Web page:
The defendants submit that the district court imposed their sentences "in violation of law," 18 U.S.C. § 3742(a), for three reasons. First, they contend that the district court focused improperly upon their criminal histories and the nature of their crimes, factors already considered at their original sentencing. Second, they contend that the district court improperly failed to consider their arguments regarding the potential for unwarranted sentencing disparities. Third, Mr. Chapman suggests that the district court's dismissal of the Government's request for a sentence of 84 months, without explanation, was unwarranted. We shall consider each of these arguments in turn.
To the extent that the defendants contend that the district court's consideration of their criminal histories and the nature of their crimes was improper because those factors already had been considered at the initial sentencing hearing, we have jurisdiction to consider their claim. The substantive argument made here was made in the Ninth Circuit case of Doe, 351 F.3d at 932, and in an Eleventh Circuit case relied upon by the defendants, Manella, 86 F.3d at 203-05, although it ultimately was rejected by both courts. The Ninth Circuit in Doe held that a court may look to the section 3553 factors in imposing a new sentence under Rule 35(b), even though those factors already had been considered at the original sentencing hearing. Doe, 351 F.3d at 932. Similarly, the Eleventh Circuit held that Rule 35(b) does not prohibit consideration of the section 3553 factors, including the seriousness of a defendant's offense, in deciding the extent to which a defendant's sentence should be reduced for substantial assistance. Manella, 86 F.3d at 204-05.
The reasoning of these decisions is persuasive. Nothing in the text of Rule 35(b) limits the factors that may militate against granting a sentence reduction or for granting a smaller reduction than requested. The defendants do not provide any persuasive reasons for restricting the court's consideration to factors not considered at the original sentencing hearing. On the other hand, a faithful and pragmatic adherence to the mandate of 18 U.S.C. § 3553(a) counsels that the nature and extent of any reduction be determined in light of all the sentencing factors set forth in the statute. Post-arrest cooperation cannot be assessed in a vacuum. Whether such cooperation represents an opportunistic attempt to obtain a sentence reduction or a genuine alteration in the defendant's life perspective can best be determined by assessing that cooperation in light of earlier criminal history and the nature of the crime for which the defendant is presently being sentenced. Accordingly, we conclude that the district court did not act in violation of the law when it considered the defendants' prior criminal histories and the seriousness of their offenses in determining the extent of the reductions granted under Rule 35(b).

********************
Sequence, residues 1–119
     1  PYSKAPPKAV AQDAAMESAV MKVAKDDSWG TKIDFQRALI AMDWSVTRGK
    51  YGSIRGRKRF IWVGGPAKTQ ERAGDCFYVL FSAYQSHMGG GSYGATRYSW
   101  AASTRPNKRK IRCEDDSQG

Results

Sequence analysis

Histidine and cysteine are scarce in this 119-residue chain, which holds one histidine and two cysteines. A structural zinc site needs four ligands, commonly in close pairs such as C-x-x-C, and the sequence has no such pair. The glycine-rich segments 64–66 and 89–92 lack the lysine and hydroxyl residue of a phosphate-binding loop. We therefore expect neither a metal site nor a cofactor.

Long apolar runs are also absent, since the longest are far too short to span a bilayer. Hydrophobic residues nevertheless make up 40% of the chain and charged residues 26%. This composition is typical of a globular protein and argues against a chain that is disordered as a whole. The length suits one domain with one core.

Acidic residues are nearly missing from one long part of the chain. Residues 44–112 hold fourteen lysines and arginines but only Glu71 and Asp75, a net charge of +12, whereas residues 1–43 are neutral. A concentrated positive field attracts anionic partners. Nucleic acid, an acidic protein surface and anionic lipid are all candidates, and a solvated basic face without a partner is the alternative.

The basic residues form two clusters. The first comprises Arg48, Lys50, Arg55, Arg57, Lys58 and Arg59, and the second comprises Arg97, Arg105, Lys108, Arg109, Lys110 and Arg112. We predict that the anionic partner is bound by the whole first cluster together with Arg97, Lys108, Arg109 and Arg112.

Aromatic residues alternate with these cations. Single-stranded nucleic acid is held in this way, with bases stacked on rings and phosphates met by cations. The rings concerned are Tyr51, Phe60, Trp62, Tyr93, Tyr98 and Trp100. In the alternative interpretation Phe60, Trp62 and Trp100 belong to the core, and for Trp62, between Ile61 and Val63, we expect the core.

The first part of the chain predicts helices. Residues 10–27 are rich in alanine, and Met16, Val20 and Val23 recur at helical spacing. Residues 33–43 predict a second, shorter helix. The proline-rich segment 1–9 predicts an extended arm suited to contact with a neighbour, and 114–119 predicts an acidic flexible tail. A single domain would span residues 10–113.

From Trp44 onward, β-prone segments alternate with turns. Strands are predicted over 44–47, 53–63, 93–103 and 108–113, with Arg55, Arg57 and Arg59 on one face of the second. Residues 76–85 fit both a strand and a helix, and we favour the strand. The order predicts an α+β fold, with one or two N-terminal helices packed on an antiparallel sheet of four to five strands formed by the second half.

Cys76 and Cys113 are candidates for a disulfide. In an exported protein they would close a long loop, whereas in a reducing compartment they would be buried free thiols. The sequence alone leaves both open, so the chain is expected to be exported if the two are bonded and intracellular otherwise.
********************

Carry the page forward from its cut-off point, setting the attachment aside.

At oral argument, defense counsel appeared to concede that the district court was permitted to consider the defendants' prior criminal histories and the nature of their offenses; instead, he objected only to the excessive weight that was given to these factors. To the extent that the defendants object to the manner in which the district court chose to exercise its discretion, however, we do not have jurisdiction to review their claims. See McGee, 508 F.3d at 444-45; McDowell, 117 F.3d at 978.
The defendants next object to the district court's alleged refusal to consider their non-frivolous arguments in favor of greater sentence reductions. At their hearings before the district court, both Mr. Chapman and Mr. Frank emphasized that the amount of assistance that they had provided to the Government was greater than the typical case of assistance, which often results in a one- or two-level reduction. The defendants also referenced other cases in which courts had reduced a defendant's sentence by more than thirty percent for providing substantial assistance, and they suggested that a greater reduction would prevent unwarranted sentencing disparity among like defendants-a factor to be considered under 18 U.S.C. § 3553.
In its explanation of the sentences it imposed, the district court did not address explicitly the defendants' contention that their assistance to the Government had been exceptional; nor did it mention the concern of potential sentencing disparities. The court simply noted that a specific reduction in the defendants' offense level (two levels for Mr. Chapman, one level for Mr. Frank) was appropriate because they had provided the Government with substantial assistance; however, it emphasized that this assistance did not wash away the defendants' criminal histories and conduct. Chapman Tr. at 6-7; Frank Tr. at 8. The court concluded that a sentence at the higher end of the resulting guidelines range was necessary to account properly for these important factors. Chapman Tr. at 6-7; Frank Tr. at 8. In both cases, it stated that the sentence it imposed was "reasonable, responsible, relevant, and necessary to accomplish these purposes as set forth in 18 United States Code Section 3553(a). Such a sentence will still hold this defendant accountable for his criminal conduct while factoring in his substantial assistance." Chapman Tr. at 7-8; Frank Tr. at 8 (identical statements).
We first address the defendants' contention that the district court committed legal error by failing to consider the potential for sentencing disparities among similarly situated defendants. Relying on Rita v. United States, 127 S.Ct. 2456, 2468 (2007), and United States v. Cunningham, 429 F.3d 673, 676 (7th Cir. 2005),*fn2 they submit that the sentencing court, if asked by either party, must consider the various sentencing factors set forth in 18 U.S.C. § 3553(a). These factors include the need to avoid unwarranted sentencing disparities in like cases. See 18 U.S.C. § 3553(a)(6).